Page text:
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Literacy Research Discussion Group (LRDG)

Co-organisers: Julia Gillen and Ami Sato

Unless stated otherwise below, meetings are held every Tuesday during term time, 1.00 - 2.00 pm.

View all forthcoming events for the Lancaster Literacy Research Centre





27 January 2015

C89, County South

Discussion chaired by Julia Gillen
How do I:  Get my first paper published?  Apply for a research grant?

In this supportive discussion we will share expertise on getting published and writing successful research grant applications in the broad field of Literacy Studies.  Everyone is welcome to attend, whatever their level of experience.  During the discussion there will be an opportunity to ask questions anonymously, and questions can also be submitted in advance by emailing Julia  ( 

3 February 2015


no meeting

10 February 2015

C89, County South

Joanne Thistlethwaite, Lancaster University

The use of Irish in the Linguistic Landscape (LL) of Ennis
This talk investigates the extent to which the Irish language is displayed on the Linguistic Landscape (LL) of Ennis, a west-coast town in the Republic of Ireland.
Irish is the first official and national language, yet only a small minority of the people in Ireland speak it as a first language (<5%).  As such, Irish appears by law, often alongside English, on most official signs. I analyse the conventions apparently guiding the inclusion of Irish on signs; in terms of its visual arrangement and linguistic characteristics as well as its interaction with any English language units.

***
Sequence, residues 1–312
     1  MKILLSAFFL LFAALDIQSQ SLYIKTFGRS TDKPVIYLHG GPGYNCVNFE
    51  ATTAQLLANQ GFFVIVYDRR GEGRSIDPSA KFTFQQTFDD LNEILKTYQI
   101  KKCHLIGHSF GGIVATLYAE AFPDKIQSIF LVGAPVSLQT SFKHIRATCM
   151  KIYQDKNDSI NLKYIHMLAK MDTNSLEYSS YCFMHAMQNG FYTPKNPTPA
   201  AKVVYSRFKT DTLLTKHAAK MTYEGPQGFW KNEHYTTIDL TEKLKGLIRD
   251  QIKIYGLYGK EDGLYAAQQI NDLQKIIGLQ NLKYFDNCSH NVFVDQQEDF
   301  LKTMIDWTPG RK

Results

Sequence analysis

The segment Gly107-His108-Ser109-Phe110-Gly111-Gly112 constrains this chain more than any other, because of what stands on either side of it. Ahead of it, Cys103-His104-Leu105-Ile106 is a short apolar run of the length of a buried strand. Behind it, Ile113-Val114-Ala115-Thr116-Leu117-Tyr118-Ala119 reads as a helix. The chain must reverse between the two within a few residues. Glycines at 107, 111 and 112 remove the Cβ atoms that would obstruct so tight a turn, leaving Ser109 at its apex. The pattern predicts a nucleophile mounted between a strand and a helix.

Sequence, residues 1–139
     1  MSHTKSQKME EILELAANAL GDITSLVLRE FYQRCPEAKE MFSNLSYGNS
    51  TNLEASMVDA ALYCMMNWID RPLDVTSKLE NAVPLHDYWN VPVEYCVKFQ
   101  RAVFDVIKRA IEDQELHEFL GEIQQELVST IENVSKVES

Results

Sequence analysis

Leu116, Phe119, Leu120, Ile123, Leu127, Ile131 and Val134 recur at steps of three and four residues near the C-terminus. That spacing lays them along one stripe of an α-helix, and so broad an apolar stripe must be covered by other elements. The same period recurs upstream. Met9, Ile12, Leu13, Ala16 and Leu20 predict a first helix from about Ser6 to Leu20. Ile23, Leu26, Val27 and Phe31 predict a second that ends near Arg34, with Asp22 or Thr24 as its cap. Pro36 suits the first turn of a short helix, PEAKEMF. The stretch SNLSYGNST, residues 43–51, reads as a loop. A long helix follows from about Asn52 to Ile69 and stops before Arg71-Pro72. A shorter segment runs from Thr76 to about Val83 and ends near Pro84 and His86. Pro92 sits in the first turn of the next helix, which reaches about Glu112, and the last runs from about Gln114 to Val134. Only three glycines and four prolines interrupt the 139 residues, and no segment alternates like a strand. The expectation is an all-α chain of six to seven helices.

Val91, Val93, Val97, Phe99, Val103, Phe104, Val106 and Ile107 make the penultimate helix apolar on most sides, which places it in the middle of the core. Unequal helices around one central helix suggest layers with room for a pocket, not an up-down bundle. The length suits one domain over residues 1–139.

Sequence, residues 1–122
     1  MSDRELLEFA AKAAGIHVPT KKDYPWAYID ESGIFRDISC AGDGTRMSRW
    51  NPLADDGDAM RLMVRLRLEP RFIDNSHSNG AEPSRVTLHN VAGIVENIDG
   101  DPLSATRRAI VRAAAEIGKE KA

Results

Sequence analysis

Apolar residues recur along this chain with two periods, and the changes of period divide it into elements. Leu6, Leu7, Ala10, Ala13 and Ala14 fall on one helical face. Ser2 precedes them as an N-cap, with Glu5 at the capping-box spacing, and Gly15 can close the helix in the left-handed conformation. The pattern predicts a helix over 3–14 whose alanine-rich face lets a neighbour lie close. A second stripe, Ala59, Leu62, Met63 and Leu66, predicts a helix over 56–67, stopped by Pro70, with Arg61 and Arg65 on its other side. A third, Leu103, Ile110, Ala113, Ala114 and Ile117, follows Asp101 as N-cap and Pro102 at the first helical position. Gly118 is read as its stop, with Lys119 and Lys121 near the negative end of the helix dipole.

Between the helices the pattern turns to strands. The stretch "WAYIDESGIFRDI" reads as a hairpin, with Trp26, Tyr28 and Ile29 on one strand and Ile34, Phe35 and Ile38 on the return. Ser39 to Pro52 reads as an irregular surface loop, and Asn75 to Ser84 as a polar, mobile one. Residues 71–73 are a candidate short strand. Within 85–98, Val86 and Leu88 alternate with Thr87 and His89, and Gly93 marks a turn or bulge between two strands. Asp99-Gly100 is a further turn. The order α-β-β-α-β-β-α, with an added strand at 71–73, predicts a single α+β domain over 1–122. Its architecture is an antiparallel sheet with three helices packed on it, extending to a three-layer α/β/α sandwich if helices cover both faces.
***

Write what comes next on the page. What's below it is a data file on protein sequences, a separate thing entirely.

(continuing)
I go on to link these ‘conventions’ with interview data from the individual sign ‘owners’ using an overarching nexus analysis approach (Scollon and Wong-Scollon, 2004).. Ultimately, I conclude that the relative lack of Irish on the ‘private’ LL can be viewed as the product of a complex of ideologies leading to, and also perhaps enabling, the ‘passive exclusion’ of Irish, (via social inaction) among (L1) English-speaking Irish society. This social inaction on the ‘private’ LL reveals the media/government/revivalist discourses, which predict the imminent return of a bilingual Ireland, to be highly unrealistic.

17 February 2015

B89, County South

Julia Gillen, Lancaster University
Yellow umbrellas– recontextualisation in multimodal literacy practices of the Hong Kong student protests of November 2014.

The convergence of student protests and the Occupy movement in Hong Kong has brought about an extraordinary flowering of “literacy as design” (Kress, 2003).  Students demanding greater democracy occupied three areas of central Hong Kong. On 28th September police attacked protesters with tear gas; umbrellas were one of the defensive measures used and the yellow umbrella became the chief emblem of the movement.  The Umbrella Movement evolved into an extraordinary three-sited flourishing of multimodal artefacts that simultaneously embed the criticality, multimodality and design characteristic of multiliteracies (Lankshear and Knobel, 2007; Gillen and Passey 2011).

I visited two of the Umbrella Revolution sites in the first week of November, 2014 taking photographs, collecting media, and talking with protesters and others with a variety of viewpoints.  I have been assisted by students from Hong Kong in identifying an immense reach of cultural references.  I will focus on three multimodal artefacts: a yellow umbrella, a sculpture of a tank and a map. Each demonstrates criticality in the present and imagination in design that simultaneously elicits knowledge from “readers” of salient recontextualisations from past decades and even centuries.   Our analyses demonstrate wonderful instances of “transformed practice, in which pupils, as meaning-makers, become designers of social futures” (Cope and Kalantzis, 2000: 7).

Cope, B. & Kalantzis, M. (eds) (2000) Multiliteracies: Literacy Learning and the Design of Social Futures.  London: Macmillan.